Police are exempt from a number of road rules, including speeding.

    How exempt? It depends on the type of licence the police officer holds, along with the reason for their speed.

    Is driving at a peak of 230km/h, overtaking 77 other motorists and driving at an average speed of 205km/h on a 8.7km stretch of freeway to reach an injured colleague pushing the friendship?

    That’s what a police officer did in March 2021, after receiving a call over the radio to attend a crash involving another officer down the road.

    Leading Senior Constable Bradley Beecroft, a highway patrol officer with 16 years experience, is facing 10 years in jail for the charge of reckless conduct endangering life for the incident, where he drove at over double the 110km/h speed limit.

    Common sense would suggest getting there as quickly as possible is a good thing – and if it was my family member in trouble I’d want as much help as possible, as fast as possible…

    But common sense has been removed from the debate around speed in Australia by decades of brainwashing, hidden cameras, and zero-tolerance enforcement from Governments drunk on the cash it brings.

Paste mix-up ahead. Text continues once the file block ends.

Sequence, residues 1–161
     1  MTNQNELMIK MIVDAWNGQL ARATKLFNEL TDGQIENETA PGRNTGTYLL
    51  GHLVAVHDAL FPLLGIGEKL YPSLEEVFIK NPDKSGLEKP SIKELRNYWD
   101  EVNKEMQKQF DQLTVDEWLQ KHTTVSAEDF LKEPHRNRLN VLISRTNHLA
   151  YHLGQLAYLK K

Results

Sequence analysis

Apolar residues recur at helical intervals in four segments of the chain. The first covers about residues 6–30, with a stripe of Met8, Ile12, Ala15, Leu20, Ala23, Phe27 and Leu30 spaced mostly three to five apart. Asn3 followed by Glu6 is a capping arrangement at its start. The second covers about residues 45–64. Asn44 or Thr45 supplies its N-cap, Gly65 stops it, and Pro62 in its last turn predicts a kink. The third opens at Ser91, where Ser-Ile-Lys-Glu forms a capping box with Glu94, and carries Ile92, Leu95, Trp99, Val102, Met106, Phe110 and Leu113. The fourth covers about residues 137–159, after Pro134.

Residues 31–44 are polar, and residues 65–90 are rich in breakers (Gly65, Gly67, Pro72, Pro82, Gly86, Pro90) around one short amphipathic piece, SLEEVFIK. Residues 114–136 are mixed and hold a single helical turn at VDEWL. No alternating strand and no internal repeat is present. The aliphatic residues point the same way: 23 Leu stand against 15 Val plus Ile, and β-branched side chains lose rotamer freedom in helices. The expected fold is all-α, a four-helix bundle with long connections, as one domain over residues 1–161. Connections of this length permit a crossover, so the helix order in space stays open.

Punishing Mr Beecroft seems crazy, given he’s a trained officer doing his job… but not punishing him undermines the idea that speeding of any kind is deadly, and needs to be fiercely punished. What would you do?

    The facts, according to the ABC, are Mr Beecroft switched on lights and sirens on the Hume Freeway after being advised he was the closest unit to the collision involving his colleague. He had another officer in the vehicle, who watched on as he drove at high speed towards his injured colleague.

    During this seven minute stint of “urgent duty” driving Mr Beecroft overtook 77 cars, drove at a peak of 230km/h, and blew through a fixed speed camera at 207km/h in a 110km/h zone. He averaged 205km/h over the 8.7km stretch of driving.

    He was allowed to exceed the speed limit and perform ‘urgent duty’ driving because he holds a gold licence (we’ll explain that soon) within the police force.

    He provided assistance when he arrived, before his colleague spent a night in hospital recovering from their injuries.

    In addition to Mr Beecroft’s highway patrol vehicle, five other units attended the crash scene. They too exceeded the speed limit, reaching speeds of between 141km/h and 166.9km/h.